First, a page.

k solids also include salts and lactose. If used in excessive amounts, milk soli ds cause a condensed-milk or milk protein flavor, but in most cases saltiness wi ll be the limiting factor on the amount of milk solids that can be used. For many years the fear of lactose crystallization (described as sandy) forced m anufacturers to limit the solids-not-fat in ice cream to 12% or less. Today, how ever, there is little danger in sandiness developing under commercial conditions . In fact, there is no excuse for sandiness in ice cream because technical advan ces have made it possible to eliminate this defect. Some experimental data indic ate that the incidence of sandiness is increased when the drawing temperature is decreased. Because milk solids tend to mask delicate flavors, it is necessary to use more f lavoring materials in order to make the flavor apparent. This is especially true for vanilla and fruit flavors, in which high levels of solids-not-fat interfere with the flavor. The more SNF, the more flavoring will generally be needed. Swe eteners play an important role in any ice cream, and the current trend is to add them in increasing quantities. They have three important functions: to give swe etness, to add to the solids content, and to lower the freezing point so that th e product is soft and smooth at low temperatures, say 10 F. For many years the industry has taken it for granted that the desirable level fo r sweetness is 15%, based on consumer tests. Increased sweetness in fruit ice cr eams is particularly important. Because fruit acids depress the apparent sweetne ss and because the added bulk of the fruit dilutes the mix, the body and texture is poorer. The higher sugar level brings out the fruit flavor and at the same t ime improves the body and texture. Recent trends in the use of sweeteners have b een to increase the amount of corn syrup or corn solids and to use blends. Chang es that result in a less expensive product are readily accepted. The use of additional corn solids is justified, but not merely on the basis of e conomics. Corn syrups got their start initially as table sugar substitutes durin g World War II, when they were used to stretch the sugar rations available to ic e cream manufacturers. During this period it became apparent that corn syrup had certain desirable properties that imparted improved quality to the ice cream, i f the corn syrup was used wisely. Corn syrup improves and helps to maintain smoo thness when the ice cream encounters temperature fluctuations of heat-shock. It gives a desirable chewiness to the body of the product due to the presence of de xtrins, high-molecular-weight polysaccharides that remain after acid hydrolysis of the cornstarch to produce corn syrup. Not all corn syrups have the same compo sition; in fact, there is a considerable range depending primarily on the extent of hydrolysis used in their preparation. Corn syrups have a characteristic flav or of their own, and if used in excessive amounts they interfere with natural fl avoring materials. Even when used in sub-threshold levels, when the flavor of th e syrup itself cannot be detected, there is a masking effect on ice cream flavor , particularly for vanilla. Gums of various kinds are useful as stabilizers in ice cream because of their ch aracteristic property of imbibing or absorbing large amounts of water. This char acteristic is effective in limiting the natural tendency of ice cream to become coarse in texture during storage. Numerous types of animal and vegetable product s have been found effective in ice cream and as a result a considerable range of stabilizers is available on the market. The primary purpose of stabilizers is t o maintain the smooth texture by inhibiting the formation and growth of ice crys tals, but other considerations are also important. Their effect on flavor, color , viscosity, whipping ability and meltdown should also be considered. The effect of the stabilizer on viscosity in relation to temperature and age has very practical significance. If the viscosity is increased immediately and grea tly, the mix will be difficult to cool. On the other hand, if the stabilizer imb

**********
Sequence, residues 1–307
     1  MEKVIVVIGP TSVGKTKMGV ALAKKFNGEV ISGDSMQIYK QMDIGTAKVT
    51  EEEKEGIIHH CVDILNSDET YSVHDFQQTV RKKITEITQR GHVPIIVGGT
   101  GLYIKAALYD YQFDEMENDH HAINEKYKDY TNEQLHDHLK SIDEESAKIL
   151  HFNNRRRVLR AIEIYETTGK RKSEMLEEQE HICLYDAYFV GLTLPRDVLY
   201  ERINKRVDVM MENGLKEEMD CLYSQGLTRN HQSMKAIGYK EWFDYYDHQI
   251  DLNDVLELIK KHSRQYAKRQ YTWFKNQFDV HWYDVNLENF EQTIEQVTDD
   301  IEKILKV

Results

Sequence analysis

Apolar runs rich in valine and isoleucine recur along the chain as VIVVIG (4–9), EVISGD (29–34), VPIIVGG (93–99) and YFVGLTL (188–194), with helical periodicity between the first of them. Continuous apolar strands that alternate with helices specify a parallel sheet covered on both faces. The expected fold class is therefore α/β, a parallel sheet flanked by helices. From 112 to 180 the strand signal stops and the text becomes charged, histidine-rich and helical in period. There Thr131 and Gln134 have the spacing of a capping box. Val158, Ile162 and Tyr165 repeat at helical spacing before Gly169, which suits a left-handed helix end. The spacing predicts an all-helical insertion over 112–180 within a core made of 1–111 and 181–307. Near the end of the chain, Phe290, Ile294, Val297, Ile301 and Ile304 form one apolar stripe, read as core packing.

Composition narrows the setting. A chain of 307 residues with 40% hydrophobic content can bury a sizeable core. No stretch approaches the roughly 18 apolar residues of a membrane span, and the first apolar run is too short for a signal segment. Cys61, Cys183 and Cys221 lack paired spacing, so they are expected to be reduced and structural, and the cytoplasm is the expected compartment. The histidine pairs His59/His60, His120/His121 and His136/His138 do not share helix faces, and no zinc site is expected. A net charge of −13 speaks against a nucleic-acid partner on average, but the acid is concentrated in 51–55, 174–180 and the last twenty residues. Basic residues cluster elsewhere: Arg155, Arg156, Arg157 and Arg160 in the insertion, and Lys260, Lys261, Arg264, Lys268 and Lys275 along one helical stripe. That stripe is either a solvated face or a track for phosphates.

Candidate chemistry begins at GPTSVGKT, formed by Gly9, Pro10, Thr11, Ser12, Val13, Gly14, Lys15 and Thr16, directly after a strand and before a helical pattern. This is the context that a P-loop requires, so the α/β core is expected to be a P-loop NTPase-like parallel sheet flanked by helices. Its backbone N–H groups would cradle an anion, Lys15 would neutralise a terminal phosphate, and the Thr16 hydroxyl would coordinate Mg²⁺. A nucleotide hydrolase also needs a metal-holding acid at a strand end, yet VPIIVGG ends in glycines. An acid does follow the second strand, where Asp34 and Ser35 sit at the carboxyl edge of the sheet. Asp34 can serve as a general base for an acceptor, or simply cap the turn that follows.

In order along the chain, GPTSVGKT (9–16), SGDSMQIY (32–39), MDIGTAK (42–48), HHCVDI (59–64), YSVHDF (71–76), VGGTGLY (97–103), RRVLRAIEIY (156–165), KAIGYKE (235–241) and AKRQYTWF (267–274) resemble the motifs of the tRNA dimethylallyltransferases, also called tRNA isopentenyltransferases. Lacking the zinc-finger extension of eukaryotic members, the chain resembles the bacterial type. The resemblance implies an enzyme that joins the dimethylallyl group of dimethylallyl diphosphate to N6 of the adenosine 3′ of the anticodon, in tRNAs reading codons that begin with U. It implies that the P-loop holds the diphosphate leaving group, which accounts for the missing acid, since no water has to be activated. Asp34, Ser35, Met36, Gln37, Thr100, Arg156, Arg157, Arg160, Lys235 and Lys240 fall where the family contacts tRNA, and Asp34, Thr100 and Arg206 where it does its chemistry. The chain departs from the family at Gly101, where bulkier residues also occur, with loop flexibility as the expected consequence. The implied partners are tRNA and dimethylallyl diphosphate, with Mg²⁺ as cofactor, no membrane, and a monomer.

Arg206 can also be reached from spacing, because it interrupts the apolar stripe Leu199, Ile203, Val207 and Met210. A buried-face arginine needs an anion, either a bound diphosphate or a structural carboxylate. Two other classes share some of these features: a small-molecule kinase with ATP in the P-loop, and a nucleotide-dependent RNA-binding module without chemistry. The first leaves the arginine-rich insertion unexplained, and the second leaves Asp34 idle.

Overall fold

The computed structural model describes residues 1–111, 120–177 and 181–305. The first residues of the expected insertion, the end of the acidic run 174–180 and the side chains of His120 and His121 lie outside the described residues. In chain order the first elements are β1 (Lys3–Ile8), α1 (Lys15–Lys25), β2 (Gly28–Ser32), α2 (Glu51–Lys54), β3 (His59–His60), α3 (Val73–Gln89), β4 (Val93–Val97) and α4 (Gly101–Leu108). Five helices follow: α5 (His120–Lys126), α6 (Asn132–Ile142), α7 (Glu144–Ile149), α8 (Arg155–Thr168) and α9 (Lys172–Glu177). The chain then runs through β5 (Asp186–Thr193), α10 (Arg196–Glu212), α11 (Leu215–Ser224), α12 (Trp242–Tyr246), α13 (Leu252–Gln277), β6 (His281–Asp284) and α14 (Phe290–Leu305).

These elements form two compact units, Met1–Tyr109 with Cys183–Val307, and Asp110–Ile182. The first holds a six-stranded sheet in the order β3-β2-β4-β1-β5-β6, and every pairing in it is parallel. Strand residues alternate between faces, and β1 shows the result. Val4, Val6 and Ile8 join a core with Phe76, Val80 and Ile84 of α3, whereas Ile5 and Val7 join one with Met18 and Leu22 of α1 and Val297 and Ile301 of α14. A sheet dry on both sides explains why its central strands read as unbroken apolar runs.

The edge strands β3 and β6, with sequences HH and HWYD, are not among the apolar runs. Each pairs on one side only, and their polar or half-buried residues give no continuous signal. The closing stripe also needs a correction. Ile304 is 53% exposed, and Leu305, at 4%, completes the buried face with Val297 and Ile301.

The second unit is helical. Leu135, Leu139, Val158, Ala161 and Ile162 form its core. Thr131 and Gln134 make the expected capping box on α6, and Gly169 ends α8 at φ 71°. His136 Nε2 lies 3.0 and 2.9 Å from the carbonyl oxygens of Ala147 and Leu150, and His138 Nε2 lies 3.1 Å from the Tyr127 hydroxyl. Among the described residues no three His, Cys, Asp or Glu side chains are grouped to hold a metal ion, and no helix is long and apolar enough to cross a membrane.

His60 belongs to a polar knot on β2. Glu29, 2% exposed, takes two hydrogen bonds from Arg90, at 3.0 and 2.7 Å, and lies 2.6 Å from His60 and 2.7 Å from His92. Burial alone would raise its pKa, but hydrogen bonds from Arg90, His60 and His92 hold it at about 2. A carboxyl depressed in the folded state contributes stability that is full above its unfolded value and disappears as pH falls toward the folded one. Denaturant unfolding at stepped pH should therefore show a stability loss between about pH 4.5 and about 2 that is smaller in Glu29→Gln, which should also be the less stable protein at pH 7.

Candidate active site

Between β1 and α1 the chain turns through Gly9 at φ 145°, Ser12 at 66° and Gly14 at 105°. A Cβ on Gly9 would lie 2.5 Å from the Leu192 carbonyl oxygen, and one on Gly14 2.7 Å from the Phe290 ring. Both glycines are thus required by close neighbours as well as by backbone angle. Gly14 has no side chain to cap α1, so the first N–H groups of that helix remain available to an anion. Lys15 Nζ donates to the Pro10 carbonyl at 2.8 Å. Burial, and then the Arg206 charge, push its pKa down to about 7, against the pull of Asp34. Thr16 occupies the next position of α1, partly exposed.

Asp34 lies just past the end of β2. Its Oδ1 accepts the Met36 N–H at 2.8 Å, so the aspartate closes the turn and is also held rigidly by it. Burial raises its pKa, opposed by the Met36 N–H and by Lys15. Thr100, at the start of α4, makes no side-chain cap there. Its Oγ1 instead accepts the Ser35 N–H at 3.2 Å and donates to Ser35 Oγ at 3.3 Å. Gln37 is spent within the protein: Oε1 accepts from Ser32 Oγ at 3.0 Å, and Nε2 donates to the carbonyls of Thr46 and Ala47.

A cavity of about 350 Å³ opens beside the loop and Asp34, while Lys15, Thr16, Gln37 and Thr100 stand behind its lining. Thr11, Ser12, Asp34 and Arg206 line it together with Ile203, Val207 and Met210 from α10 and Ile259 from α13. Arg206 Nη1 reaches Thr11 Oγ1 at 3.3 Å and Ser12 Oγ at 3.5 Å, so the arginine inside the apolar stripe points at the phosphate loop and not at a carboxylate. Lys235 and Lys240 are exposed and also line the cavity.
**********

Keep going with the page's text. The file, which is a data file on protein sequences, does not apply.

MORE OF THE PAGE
ibes water slowly and takes time to establish a gel structure, an aging period i s necessary, and viscosity will vary with age. Constant physical characteristics are important when mix is sold, or when it is necessary to freeze the mix immed iately after processing. Some gums are especially effective in increasing viscosity; others produce a hea vier body or provide better resistance to heat shock. Many have certain limitati ons if used alone, such as a curdy meltdown or coagulation of the milk proteins, and cause the mix to whey-off. Most commercial stabilizers are blends or variou s gums standardized to give uniform results from lot to lot. These products are more effective in maintaining good texture and aid in producing a heavier, chewi er ice cream. Emulsifiers have become more uniform, more versatile, and almost essential to mo dern ice cream manufacturing. They are especially useful in producing a stiff, d ry product for specialty items, but they also have their place in regular manufa cturing and packaging operations. The ice cream is smoother, creamier, and more melt-resistant when emulsifiers are used. However, excessive use causes an unnat ural slickness, a partially churned appearance, and product that does not melt. In some cases the flavor is adversely affected, too. Summary It is apparent from this discussion that each ice cream ingredient has specific functions that it alone can perform most effectively. However, there is a defini te overlapping of some of the functions. For example, all ingredients influence body and texture, so that a variety of variations can still produce an acceptabl e product. One must be careful when altering ingredients to assure that the eati ng quality is not impaired. Composition control is essential in obtaining and maintaining quality. The ice c ream's ingredients serve specific functions in supplying the characteristic prop erties of the final product. Several ingredients may influence some properties, so that similar results can be obtained by altering the quantities of any or all of them. Other properties of ice cream depend primarily on one ingredient.